Guide to Literary Agents Blog. This writer’s digest blog hosted by Chuck Sambuchino is inspiring and informative. Chuck features new agent alerts, agent interviews and agency news. When I want to be inspired, I read his successful queries posts. The post lists actual queries that earned writers their agents. At the end of the queries, he interviews the agents and asks them what about the particular query grabbed their attention.

Miss Snarks First Victim Another great blog for writers. Miss Snark offers advice to writers, critiques query letters and partial manuscripts. She is visited by anonymous agents who also offer their help. You will also find lots of fun contests on her blog.

Agent Query
– For seven years in a row, this site has been recognized by Writer’s Digest to be one of the best websites for writers. This free site offers a ton of information. You will find informative pieces, searchable databases, agency profiles, publishing news and e-publishing help. If you have not visited this site, race over now.

Query Tracker This fabulous site allows you to organize and track your query submissions. It also offers agent statistics, comments from others who have or are in the process of querying and an online community. They also have a category dedicated to the top ten. You will discover which agents are most likely to request, which ones are known for not responding and who are the hardest ones to land.

Query Shark– A blog offering help for fiction queries. All queries must be submitted to the Query Shark for consideration. If your query is chosen, The Query Shark may offer a critique and instructions on how to make it stronger. Reading the revised queries are great for inspiration. You are also allowed to offer comments.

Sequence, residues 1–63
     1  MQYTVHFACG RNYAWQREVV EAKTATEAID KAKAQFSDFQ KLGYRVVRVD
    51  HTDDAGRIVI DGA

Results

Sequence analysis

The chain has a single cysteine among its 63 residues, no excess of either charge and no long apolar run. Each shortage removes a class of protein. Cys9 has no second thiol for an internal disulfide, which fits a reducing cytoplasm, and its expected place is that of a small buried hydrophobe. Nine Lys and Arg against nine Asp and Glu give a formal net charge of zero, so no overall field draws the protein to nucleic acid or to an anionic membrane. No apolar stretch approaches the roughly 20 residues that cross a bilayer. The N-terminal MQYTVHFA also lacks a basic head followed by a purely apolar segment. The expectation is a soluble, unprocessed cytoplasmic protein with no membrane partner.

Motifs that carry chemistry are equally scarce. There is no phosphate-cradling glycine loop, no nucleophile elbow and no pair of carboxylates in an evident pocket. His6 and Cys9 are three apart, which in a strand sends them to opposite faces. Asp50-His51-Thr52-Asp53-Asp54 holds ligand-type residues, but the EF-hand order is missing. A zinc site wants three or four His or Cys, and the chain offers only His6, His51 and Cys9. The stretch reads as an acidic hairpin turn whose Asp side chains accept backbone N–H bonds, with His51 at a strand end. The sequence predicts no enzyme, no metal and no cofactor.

What sites or materials do you refer to when writing a Query letter?




Filed under character building, query, writer's life, writers, Writing



     All writers edit. How we edit may differ. Some of us might play music while reading through the work in progress. Some may need complete silence. The purpose of editing is to re-read the work written in hopes of catching mistakes or improving the rhythm of the sentences.

     How many times have you read through your work and thought, sounds good, only to have a critique partner point out that you repeated the same word twice? You have tons of run on sentences. You called your character Lori in the first paragraph and Cindy in the second. I have found that reading stories aloud helps highlight these types of mistakes.

     Our brains are much quicker than our mouths. When we scan through works without reading aloud we tend to see what is supposed to be there instead of what actually is. Last night a Facebook friend sent me a brain test where all the words were jumbled but somehow I was actually able to make out exactly what the sentence said. Eg. Our M1ND5 C4N DO 4M4Z1NG 7H1NG5. Were you able to read that sentence? Chances are you were. This is the exact type of thing that happens when we are editing silently.  

     Reading aloud slows us down. When we read our words out loud we are forced to read more slowly and pay closer attention to what we have written.

     Reading aloud also allows us to hear the rhythm of our words. Words should have a flow and read effortlessly. There is nothing worst than having an interruption of your flow. It will stop a reader dead in their tracks and take away from the story.

     Editing aloud might not help you catch each and every mistake but it will most likely help you catch a few more than you would have.

     Do you have any editing tips you would like to share?






Filed under critique, editing, writer's life, writers, writing, Writing


How many times have you edited your work? If you are anything like me, you have scanned over your manuscript too many times to count. It’s what we do. We write it, read it, adjust it, finish it and then come back to it. Upon coming back to it, we fix it, add to it, read it aloud and then send it off to someone else (usually a critique partner) to do the same.